LOS ANGELES – The same food safety net that couldn't catch poisoned pet food ingredients from China has a much bigger hole.
Billions of dollars' worth of foreign ingredients that Americans eat in everything from salad dressing to ice cream get a pass from overwhelmed inspectors, despite a rising tide of imports from countries with spotty records, according to an Associated Press analysis of federal trade and food data.
Well before contaminated shipments from China killed 16 cats and dogs and sickened thousands more, government food safety task forces worried about the potential human threat -- ingredients are hard to quarantine and can go virtually everywhere in a range of brand products.
When U.S. Food and Drug Administration inspectors at ports and border checkpoints look, they find shipments that are filthy or otherwise contaminated. They rarely bother, however, in part because ingredients aren't a priority.
Because these oils, spices, flours, gums and the like haven't been blamed for killing humans, safety checks before they reach the supermarket shelf are effectively the responsibility of U.S. buyers. As the pet deaths showed, however, that system is far from secure.
Meanwhile, the ingredient trade is booming -- particularly since 2001, when the Sept. 11 attacks focused attention on the security of the nation's food supply.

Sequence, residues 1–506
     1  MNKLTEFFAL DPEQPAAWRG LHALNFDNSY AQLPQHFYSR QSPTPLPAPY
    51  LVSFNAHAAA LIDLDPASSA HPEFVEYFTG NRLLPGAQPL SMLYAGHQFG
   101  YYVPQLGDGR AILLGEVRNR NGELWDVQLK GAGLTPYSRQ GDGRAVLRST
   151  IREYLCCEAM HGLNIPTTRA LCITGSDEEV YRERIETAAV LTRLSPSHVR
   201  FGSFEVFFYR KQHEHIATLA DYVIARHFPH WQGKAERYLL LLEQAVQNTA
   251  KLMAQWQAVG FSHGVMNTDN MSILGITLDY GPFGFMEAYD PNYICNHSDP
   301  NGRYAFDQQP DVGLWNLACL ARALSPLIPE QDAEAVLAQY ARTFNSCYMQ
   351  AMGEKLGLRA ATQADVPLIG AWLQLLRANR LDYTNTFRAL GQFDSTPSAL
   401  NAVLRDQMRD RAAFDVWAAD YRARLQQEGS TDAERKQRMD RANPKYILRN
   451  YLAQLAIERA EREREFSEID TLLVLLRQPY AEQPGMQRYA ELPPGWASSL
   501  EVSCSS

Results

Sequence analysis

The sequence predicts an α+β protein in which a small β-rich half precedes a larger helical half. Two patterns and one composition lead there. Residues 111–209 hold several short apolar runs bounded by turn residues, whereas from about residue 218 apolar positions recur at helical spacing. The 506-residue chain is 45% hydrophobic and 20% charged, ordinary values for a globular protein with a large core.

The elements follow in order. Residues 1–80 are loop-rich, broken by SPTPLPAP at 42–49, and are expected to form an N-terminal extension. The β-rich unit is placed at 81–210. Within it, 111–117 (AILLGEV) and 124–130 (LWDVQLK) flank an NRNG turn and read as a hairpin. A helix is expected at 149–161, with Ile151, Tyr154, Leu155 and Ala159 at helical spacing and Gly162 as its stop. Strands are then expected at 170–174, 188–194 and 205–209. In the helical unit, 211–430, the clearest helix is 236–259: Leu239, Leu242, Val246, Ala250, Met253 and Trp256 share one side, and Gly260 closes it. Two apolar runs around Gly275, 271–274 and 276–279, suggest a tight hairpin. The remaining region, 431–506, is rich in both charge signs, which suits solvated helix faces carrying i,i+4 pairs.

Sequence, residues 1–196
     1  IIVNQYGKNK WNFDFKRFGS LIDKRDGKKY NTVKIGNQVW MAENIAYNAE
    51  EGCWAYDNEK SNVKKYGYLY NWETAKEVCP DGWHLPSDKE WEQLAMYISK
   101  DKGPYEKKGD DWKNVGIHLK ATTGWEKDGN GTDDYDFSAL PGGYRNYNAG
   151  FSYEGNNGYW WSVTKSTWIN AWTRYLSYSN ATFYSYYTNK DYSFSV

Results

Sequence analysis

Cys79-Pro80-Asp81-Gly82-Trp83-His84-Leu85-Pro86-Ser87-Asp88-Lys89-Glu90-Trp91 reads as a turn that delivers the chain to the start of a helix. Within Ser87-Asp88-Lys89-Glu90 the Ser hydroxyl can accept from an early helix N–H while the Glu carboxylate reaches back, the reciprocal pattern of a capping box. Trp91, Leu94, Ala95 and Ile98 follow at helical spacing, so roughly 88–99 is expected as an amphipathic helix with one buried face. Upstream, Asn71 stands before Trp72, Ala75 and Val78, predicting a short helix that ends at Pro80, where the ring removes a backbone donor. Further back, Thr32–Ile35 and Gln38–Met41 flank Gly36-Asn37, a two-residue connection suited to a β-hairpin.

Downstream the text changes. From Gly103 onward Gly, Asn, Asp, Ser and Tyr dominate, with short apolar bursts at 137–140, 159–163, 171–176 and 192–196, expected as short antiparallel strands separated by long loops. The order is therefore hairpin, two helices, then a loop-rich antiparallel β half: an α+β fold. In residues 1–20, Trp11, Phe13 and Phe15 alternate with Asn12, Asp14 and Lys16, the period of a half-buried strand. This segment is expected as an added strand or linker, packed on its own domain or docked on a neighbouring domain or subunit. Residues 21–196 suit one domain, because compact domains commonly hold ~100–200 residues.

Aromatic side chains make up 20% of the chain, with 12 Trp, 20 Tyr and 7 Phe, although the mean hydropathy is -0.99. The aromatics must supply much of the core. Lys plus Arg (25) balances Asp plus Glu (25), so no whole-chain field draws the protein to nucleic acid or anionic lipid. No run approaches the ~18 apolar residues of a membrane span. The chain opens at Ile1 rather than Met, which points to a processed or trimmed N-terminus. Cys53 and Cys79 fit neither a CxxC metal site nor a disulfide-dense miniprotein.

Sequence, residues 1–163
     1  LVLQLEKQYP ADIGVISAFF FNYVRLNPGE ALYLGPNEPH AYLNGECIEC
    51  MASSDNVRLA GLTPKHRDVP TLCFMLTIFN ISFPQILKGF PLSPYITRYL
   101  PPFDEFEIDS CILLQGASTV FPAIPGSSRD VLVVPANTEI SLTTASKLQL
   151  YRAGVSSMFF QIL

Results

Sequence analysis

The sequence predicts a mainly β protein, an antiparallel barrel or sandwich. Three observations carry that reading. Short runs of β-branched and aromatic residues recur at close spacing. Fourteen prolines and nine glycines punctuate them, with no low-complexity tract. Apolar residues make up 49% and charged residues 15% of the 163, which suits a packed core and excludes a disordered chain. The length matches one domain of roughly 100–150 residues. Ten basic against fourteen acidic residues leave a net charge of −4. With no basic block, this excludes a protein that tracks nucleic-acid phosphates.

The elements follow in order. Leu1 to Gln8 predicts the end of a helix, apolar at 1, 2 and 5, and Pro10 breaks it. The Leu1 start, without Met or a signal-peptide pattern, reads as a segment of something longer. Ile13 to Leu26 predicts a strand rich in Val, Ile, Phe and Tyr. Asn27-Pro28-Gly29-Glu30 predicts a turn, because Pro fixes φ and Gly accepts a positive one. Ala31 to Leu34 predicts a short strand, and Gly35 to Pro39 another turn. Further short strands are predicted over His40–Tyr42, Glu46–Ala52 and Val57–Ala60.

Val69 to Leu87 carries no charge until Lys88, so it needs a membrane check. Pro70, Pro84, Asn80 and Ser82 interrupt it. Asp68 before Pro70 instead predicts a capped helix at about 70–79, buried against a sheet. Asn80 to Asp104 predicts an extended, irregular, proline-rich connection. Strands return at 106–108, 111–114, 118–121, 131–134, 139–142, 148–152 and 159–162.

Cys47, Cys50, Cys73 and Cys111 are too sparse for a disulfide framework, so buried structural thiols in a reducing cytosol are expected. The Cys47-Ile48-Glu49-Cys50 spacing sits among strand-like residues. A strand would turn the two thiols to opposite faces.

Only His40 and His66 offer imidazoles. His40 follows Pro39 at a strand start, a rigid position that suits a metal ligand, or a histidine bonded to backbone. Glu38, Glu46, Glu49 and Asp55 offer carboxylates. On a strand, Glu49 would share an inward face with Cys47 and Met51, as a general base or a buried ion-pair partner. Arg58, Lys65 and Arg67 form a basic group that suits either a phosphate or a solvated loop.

Over the past five years, the AP found, U.S. food makers prospecting for bargains more than doubled their business with low-cost countries such as Mexico, China and India. Those nations also have the most shipments fail the limited number of checks the FDA makes.
"You don't have to be a Ph.D. to figure out that ... if someone were to put some type of a toxic chemical into a product that's trusted, that could do a lot of damage before it's detected," said Michael Doyle, a microbiologist who directs the University of Georgia's Center for Food Safety.
Doyle sat on several federal task forces studying threats to U.S. food security; while they discussed ingredients, he said, their findings are classified.
Read down most any food package's label and there they are: strange-sounding substances that keep soft drinks fizzy, crackers crispy and sauces from gooing up. Gum arabic, extracted from acacia trees, helps give light whipped cream its texture; maltodextrin is derived from starchy foods, then can be dusted on chips so spices stick; caseins, a protein from milk, help the consistency of cheese substitutes.
While Americans are consuming more imported food and drink from preserved fruit to coffee, demand among U.S. food makers for overseas ingredients is increasing even faster.
In 2001, the United States imported about $4.4 billion worth of ingredients processed from plants or animals, AP's analysis shows. By last year that total leaped to $7.6 billion -- a 73 percent increase. Other food and drink imports rose from $38.3 billion to $63 billion -- up 65 percent.
No single reason explains the increase. Profits are one factor; changing consumer tastes play a role, too. There's a growing expectation that seasonal products will be available year round, while immigrants may hanker for familiar flavors and others want variety.